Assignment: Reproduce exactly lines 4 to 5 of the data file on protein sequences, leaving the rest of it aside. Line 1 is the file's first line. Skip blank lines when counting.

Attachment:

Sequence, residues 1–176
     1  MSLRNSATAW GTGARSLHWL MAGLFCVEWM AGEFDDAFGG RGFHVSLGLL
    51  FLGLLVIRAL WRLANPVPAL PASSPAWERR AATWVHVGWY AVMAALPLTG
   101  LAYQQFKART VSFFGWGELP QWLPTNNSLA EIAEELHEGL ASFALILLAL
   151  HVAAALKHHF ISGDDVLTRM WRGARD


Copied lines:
   101  LAYQQFKART VSFFGWGELP QWLPTNNSLA EIAEELHEGL ASFALILLAL
   151  HVAAALKHHF ISGDDVLTRM WRGARD